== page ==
The 90s strike back! Marvel VS Capcom Origins Review

The 90s strike back! Marvel VS Capcom Origins Review

Ever since the console release of Capcom’s Street Fighter 4 in 2009 2d fighters are enjoying a good degree of popularity once again. Trying to ride the success of Marvel VS Capcom 3 and the Marvel Avengers movie, Capcom releases on PSN and XBLA a new collection called Marvel VS Capcom Origins, cointaining two 90s two dimensions fighters: Marvel Super Heroes and the first Marvel VS Capcom.
Do these two games still hold their own after all these years or will Capcom’s collection only attract nostalgics? Let’s find out.

Nostalgia calling

To be completely honest, I can’t really understand why these two games have been choosen for the collection.
The Marvel VS Capcom franchise main feature is the tag team mechanic, where each player chooses 2 or more fighters, can swap them anytime during battle and even unleash some devasting combination attacks; Marvel Super Heroes features the standard 1 vs 1 formula without any tag team option
It’s not like it’s a bad game, but I think including X Men VS Street Fighter or Marvel Super Heroes VS Street Fighter too would have been more appropriate, since they are the first steps of the VS franchise and, nostalgia wise, it would have been a better choice altogether.
And nostalgia definitely is one of the main selling points of this collection and Capcom didn’t even try to hide it!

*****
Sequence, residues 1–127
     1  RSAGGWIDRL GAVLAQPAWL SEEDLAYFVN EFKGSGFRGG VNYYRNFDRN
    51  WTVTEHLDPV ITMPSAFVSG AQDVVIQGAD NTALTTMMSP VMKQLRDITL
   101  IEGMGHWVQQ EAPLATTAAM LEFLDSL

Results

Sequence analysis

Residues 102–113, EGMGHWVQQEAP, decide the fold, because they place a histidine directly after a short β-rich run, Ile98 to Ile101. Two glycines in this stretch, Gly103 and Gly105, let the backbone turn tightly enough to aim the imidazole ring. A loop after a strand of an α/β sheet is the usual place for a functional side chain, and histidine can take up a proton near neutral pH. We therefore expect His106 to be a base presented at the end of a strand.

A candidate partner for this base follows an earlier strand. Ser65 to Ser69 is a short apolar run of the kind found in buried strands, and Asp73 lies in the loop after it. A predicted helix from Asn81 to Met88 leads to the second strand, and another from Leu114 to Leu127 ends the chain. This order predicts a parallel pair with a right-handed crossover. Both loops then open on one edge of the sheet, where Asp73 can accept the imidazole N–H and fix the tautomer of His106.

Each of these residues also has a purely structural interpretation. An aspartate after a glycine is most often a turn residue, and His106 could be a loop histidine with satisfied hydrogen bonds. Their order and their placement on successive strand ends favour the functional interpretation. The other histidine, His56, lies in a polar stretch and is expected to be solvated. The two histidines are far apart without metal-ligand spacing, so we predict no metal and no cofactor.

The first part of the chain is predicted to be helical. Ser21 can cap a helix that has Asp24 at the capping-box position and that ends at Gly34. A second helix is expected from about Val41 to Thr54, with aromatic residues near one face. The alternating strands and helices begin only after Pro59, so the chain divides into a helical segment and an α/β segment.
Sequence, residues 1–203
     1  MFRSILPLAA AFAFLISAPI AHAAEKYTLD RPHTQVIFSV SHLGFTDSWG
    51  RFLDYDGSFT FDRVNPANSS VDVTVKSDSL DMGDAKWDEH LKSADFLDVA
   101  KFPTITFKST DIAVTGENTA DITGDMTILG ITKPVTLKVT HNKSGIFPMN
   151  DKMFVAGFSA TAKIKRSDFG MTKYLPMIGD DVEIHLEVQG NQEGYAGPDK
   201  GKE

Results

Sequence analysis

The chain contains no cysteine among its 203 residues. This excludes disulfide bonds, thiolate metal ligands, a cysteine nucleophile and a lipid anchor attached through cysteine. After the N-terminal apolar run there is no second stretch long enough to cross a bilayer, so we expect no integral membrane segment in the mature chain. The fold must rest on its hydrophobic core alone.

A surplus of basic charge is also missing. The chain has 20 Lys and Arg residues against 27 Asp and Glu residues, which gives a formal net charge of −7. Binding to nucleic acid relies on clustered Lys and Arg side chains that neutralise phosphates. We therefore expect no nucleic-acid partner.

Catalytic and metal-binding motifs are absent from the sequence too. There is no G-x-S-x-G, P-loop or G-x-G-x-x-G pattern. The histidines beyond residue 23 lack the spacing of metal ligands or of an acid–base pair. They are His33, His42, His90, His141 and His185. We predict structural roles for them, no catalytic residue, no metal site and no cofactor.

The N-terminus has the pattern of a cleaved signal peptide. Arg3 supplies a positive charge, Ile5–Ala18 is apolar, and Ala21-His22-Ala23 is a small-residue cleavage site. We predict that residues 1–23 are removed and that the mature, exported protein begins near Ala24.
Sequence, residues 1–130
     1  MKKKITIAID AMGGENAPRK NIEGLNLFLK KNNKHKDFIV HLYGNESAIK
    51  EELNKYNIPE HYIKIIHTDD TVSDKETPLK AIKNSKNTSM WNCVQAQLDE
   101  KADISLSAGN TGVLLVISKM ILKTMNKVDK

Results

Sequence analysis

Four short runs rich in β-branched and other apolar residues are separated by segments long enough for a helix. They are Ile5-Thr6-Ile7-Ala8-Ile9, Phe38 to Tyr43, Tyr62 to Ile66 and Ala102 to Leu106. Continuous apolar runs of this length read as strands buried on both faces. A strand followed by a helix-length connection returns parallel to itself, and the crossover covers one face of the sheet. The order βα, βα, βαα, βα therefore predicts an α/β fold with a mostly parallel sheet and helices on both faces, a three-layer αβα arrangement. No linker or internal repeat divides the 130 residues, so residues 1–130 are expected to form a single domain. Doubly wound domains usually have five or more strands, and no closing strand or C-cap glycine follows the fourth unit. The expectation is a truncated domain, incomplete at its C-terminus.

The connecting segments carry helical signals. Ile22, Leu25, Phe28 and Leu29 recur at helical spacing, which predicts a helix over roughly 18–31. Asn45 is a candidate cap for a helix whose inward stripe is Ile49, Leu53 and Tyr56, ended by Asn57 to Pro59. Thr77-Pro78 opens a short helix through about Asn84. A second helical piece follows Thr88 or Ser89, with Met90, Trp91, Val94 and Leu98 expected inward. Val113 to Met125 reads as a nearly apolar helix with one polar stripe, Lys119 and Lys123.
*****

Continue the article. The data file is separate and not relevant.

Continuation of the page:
The Games are identical to their 90s counterparts in every possible way: graphics wise, sound wise and gameplay wise these two games are a trip back in the 90s, when these big detailed sprites dominated arcade cabinets.
To improve the nostalgic feeling of the collection, Capcom added 2 video options, one to simulate old CRT televisions and another to slight distort the image, simulating an old arcade cabinet screen.
These options will probably be fun for a couple minutes and most players will revert to the regular video option after some time.
Gameplay wise, how do the two fighters hold up? Quite frankly, they’re still very fun, despite their shortcomings.

Avengers, Assemble!

As I mentioned before Marvel Super Heroes, the second Capcom fighter featuring Marvel comics heroes, sports a traditonal 1 versus 1 gameplay, where players can unleash special attacks through the usual 2d fighters stick motions and even more devastating attacks called Infinity Combo after charging a special meter bar placed at the bottom of the screen. The fighters roster is quite diverse and feautures many fans’ favourites like Captain America, Spiderman, Iron Man, Wolverine, Wolverine and Cyclops and a few villains like Blackheart, Shuma Gorath and Doctor DoomGameplay is enriched by the presence of special gems called Infinity Gems which grant some bonuses for a short amount of time during the fight.Graphics and sound wise we get what we could expect from a 90s 2d fighting game: sprites and backgrounds are nicely detailed and animated and the soundtrack manages to do its job, although some of the tracks sound a bit repetitive.